Florida Marlins rookie pitcher Chris Volstad made his first career start Friday night against the Los Angeles Dodgers, and was magnificent, earning the victory after allowing just one run in 8 2/3 innings.
Volstad seemed to be wearing down in the 9th inning, allowing a run, followed by a single to bring up possible future Hall of Famer Jeff Kent to the plate representing the tying run.
So Marlins manager Fredi Gonzalez wisely removed his young pitcher from the game, assuring that Volstad could not earn a loss after pitching so well, and because he had reached 100 pitches. The Marlins don't want Volstad going more than 100 pitches or so yet to protect his great young arm, and heck, few pitchers in all of baseball will go more than 120 pitches these days.
But if Volstad could've have gotten just one more out, he would've been the first Marlin to pitch a complete game since late 2006.
Meanwhile, north of the border in Toronto, Blue Jays pitcher Roy Halladay put together a masterpiece of his own Friday night against the New York Yankees. The 31-year-old right-hander went the distance against the Yankees in a two-hit shutout.
But for Halladay, this was just another day at the office. The possible A.L. starting pitcher for the All-Star Game now has seven complete games on the season. Not impressed yet? Seven complete games is more than any other team has from their pitchers this season. Halladay has that many by himself. The Marlins haven't tossed a complete game since 2006, and Halladay's tossed seven in just this first half of the season. Think about that.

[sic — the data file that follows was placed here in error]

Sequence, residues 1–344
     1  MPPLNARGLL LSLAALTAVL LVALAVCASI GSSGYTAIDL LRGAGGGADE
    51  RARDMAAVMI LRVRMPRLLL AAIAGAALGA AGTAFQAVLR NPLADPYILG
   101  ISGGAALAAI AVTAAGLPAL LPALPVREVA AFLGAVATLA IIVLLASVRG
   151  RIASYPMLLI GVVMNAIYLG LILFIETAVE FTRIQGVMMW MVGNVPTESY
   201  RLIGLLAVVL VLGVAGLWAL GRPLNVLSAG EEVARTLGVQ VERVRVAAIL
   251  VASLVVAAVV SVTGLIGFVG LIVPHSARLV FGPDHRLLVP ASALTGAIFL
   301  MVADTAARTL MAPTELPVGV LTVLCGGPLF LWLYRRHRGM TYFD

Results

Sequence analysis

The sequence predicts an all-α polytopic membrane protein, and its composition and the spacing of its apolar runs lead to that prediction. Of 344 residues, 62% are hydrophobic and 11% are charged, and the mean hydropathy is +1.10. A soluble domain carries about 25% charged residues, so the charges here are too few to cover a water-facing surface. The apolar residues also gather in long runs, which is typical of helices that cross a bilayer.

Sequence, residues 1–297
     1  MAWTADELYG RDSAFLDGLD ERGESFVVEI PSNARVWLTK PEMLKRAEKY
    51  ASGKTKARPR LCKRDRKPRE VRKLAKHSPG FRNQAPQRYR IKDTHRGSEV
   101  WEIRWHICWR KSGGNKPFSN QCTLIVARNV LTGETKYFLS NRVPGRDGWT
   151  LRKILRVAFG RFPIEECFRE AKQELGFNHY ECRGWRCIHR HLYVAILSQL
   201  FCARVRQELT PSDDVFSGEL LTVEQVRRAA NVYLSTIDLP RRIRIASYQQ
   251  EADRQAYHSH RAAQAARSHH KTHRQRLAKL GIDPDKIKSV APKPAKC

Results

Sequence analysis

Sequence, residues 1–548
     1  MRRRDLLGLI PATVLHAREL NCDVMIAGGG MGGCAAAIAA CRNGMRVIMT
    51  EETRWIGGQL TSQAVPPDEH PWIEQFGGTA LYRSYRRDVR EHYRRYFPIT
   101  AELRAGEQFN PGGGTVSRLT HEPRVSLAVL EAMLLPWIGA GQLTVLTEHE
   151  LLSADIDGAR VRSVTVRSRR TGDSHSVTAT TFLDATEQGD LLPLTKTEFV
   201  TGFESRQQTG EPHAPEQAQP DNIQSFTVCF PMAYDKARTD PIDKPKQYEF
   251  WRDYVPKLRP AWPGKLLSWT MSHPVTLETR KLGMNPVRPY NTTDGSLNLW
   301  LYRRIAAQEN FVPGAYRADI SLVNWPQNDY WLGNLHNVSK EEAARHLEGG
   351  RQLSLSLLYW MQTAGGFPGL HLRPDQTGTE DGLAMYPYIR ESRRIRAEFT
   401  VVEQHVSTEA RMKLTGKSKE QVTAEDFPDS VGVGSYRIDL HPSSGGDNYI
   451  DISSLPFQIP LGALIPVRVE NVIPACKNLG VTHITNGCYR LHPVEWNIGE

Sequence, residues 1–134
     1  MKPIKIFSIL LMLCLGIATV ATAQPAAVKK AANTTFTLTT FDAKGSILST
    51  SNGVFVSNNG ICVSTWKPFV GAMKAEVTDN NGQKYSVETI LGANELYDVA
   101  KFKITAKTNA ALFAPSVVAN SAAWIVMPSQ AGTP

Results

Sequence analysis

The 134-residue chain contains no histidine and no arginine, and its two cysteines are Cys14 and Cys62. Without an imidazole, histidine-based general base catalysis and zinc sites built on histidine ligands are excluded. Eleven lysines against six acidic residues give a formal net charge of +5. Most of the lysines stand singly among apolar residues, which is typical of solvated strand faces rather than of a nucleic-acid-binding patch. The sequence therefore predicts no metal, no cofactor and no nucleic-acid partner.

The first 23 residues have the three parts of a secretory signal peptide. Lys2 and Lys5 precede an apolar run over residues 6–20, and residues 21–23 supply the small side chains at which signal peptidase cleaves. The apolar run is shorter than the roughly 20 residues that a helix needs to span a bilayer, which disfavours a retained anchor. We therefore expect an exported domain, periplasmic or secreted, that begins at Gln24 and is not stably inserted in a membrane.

And the Colorado native has done this for years. He now has 38 career complete games, 14 of which since the beginning of 2007, and 11 career shutouts.
In an era where pitchers are going down with arm injuries like never before, Halladay is simply one of a kind. Ask the Mark Mulder's and Mark Prior's of the world how easy it is to stay healthy as a pitcher.
The amount of innings Halladay is able to throw each year is remarkable, but what's even more impressive is how well he is able to pitch in all of these innings. There's some pitchers out there that can throw 200+ innings a season without much strain on their body, but none are able to do it with results even comparable to Halladay.
At 31, Halladay just seems to be getting even better too, even after all of these innings pitched. He has an ERA of 2.71, down exactly one run from his 3.71 ERA in 2007. "Doc" Halladay has 11 wins, while pitching for a team with one of the worst offenses in the American League.
What's really eye-opening are his strikeout numbers in comparison to the last few seasons. In 2006, Halladay went 16-5 with a 3.19 ERA, striking out 132 batters in 220 innings pitched. Last year he went 16-7, with the aforementioned 3.71 ERA, and 139 strikeouts in 225.1 innings pitched. He was very effective as displayed by the wins and ERA's, but the strikeout numbers weren't all that spectacular.
Well, in 2008, he's amassed 121 strikeouts in 146.1 innings pitched, averaging 7.44 strikeouts per 9 innings pitched. That's the best rate he's striking out hitters since 2001. Furthermore, he's able to be a power pitcher again without walking hitters, as he has 100 more strikeouts than walks.
What's unfortunate is this guy doesn't get the recognition he deserves, because he plays in Canada. He's one of the best pitchers in baseball year in and year out, but many casual baseball fans know little about him. One thing's for sure though: MLB hitters are well aware of who he is, and they certainly don't enjoy facing him.
The 2003 AL Cy Young winner has a great chance to win the award again this season. With his consistency, and the fact he'll go out there every fifth day without a problem, I wouldn't bet against him.